Last updated: March 06. 2014 9:24AM - 677 Views
By Bill Mardis Commonwealth Journal

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An old photograph of shoppers in downtown Somerset revived sweet memories of how things used to be. Best we can tell by car models, the photograph was made about 1962.

The picture, no doubt taken by the late James Slaughter and made available through the courtesy of Rogers Photography, showed the intersection of East Mt. Vernon and Maple streets. It was particularly interesting because one can look through the windows of the Commonwealth Journal building and see the same spot, still relatively busy but not nearly as vibrant as when the photograph was taken more than a half century ago. There are more cars now but fewer shoppers.

Early 1960s was shortly after U.S. 27, known then as the “Truck Route” had been expanded to four lanes between Somerset and Burnside. It was just prior to a mass exodus of downtown businesses to cluster around Tradewind Center.

The under roof shopping complex, anchored by 50,000-square-foot Roses Department Store, was the focal point of a new shopping district that eventually spread north and south along U.S. 27 from University Drive north of Somerset to Burnside.

Growth has been amazing, but then Rose’s was a sight to see. There was a sparkling new restaurant inside the seemingly unending aisles of anything-you-can-think-of merchandise.

Rose’s was a place to take your country cousins and display your urbane manners in a big-city atmosphere. The developing shopping district along a four-lane highway changed our world. Before that, life was still simple. Somerset was a Saturday town.

Sometime during the late 1960s, the Kentucky Department of Highways installed “Walk, Don’t Walk” signals at the intersection of East Mt. Vernon and Maple streets, then the busiest intersection in town. The signs were fascinating. You could tell folks were crossing the street unnecessarily just to see the signals operate.

The Commonwealth Journal, was equally impressed with the “Walk, Don’t Walk” signals. The newspaper, daily since January 1966, carried a photograph and story about the signals on the front page.

Women can be seen in the old photograph hurriedly walking across the intersection, purses in hand, shopping until they dropped. Downtown was the place to be.

J.J. Newberry Company and United Department Store were the two largest retail stores downtown. Somerset’s J.J. Newberry store was one of 565 stores in a five and dime chain. Newberry’s in Somerset had a big-city-type lunch counter that was a bragging point in a small country town.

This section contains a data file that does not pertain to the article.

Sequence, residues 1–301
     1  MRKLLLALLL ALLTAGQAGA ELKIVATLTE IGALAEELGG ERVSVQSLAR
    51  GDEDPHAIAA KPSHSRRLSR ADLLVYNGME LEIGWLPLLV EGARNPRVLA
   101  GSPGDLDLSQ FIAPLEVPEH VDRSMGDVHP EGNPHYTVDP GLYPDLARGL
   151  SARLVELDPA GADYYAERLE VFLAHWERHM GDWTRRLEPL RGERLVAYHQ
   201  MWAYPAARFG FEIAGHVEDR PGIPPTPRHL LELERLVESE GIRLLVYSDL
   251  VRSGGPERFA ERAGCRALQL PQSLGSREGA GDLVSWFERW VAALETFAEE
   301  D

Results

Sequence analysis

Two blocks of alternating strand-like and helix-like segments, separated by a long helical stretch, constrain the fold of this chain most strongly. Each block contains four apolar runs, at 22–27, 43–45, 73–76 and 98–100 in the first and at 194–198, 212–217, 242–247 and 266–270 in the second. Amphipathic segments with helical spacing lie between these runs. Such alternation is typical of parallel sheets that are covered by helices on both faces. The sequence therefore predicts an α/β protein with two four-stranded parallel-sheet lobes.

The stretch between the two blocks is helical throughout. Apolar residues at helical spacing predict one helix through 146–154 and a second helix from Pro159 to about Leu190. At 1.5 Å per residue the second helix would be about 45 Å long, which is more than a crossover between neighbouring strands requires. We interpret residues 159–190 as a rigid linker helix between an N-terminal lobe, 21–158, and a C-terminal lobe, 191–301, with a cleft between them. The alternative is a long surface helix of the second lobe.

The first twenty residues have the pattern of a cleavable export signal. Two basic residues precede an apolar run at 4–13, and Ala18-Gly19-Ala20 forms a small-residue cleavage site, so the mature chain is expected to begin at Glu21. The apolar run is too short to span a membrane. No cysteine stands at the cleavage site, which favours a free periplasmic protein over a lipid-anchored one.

United Department Store was a sprawling clothing store managed by the personable Marvin Morris. The multi-floor complex was “big time” in a little town. Morris was a close friend of A.A. “Sandy” Offutt, Somerset’s “what you see is what you get” mayor for more than 20 years.

Everybody knew the mayor and he was well liked. Unforgettable was Offutt’s response to a customary greeting: “Good morning, Mr. Mayor, how are you?”

“And why would you care … you’re not a doctor,” Offutt would dryly remark. Then he would grin, and shake your hand.

Mayors have to attend a lot of meetings and if one got long and drawn out, Offutt would get up and stomp out. Voters loved Offutt and his crusty demeanor. He was elected to five terms, serving 20 years as mayor.

Hughes Department Store at South Maple and Zachary Way was part of the retail scene during the early 60s. Owned and managed by Paul Hughes, the store was selling ladies’ sweaters for $1.49 and Men’s dress oxfords for $4.98.

On East Mt. Vernon Street just off Fountain Square was W.D. Gover’s, a high line store for those who wanting something a little better. It was a favorite shopping place for Bob Perry, owner of Perry’s Radio and TV. The late Mr. Perry was the town’s best-dressed man.

Television screens were small, mostly black and white. The Virginia Theater was still in its heyday, and the Kentucky Theater was a short distance away on South Main Street.

Parking meters lined city streets downtown and Somerset City Council, in 1962, increased the fine for overtime parking from 25 cents to 50 cents. A. Goldenberg was selling GE electric ranges for $146.66.

Pulaski Fiscal Court members were looking at mechanical voting machines. This county was the last in the state to change from paper ballots to mechanical voting. Fiscal Court eventually bought voting machines following a lawsuit by the Somerset Junior Chamber of Commerce. Ironically, paper ballots are back in use, this time read and counted by optical scanners.

Despite sometimes resisting change, Somerset and Pulaski County were progressive:

• Members of Pulaski Fiscal Court and County Judge John Garner went to Frankfort to meet with Gov. Bert Combs about building a junior college in Somerset. Fiscal Court’s most colorful member in that era was J. Frank Harris, a magistrate not afraid to speak his mind or give an opinion on any subject.

• Three contracts were awarded by East Kentucky Rural Electric Cooperative Corporation to build John Sherman Cooper Power Station at Burnside.

• Production was just getting under way at Kingsford Company in the old Cumberland Corporation plant south of Burnside.

• The Somerset Chamber of Commerce embraced the county, changing its name to Somerset-Pulaski County Chamber of Commerce. Dr. I. K. Cross was president of the chamber.

• Flameless electric living was being promoted by Kentucky Utilities. Builder of an all-electric home was given a $50 bonus, a princely sum in those good times.

It is a matter of opinion whether all change is good. We tend to forget hard times when we delve in memories. But, no question, the “Good Ol’ Days” were not all bad.

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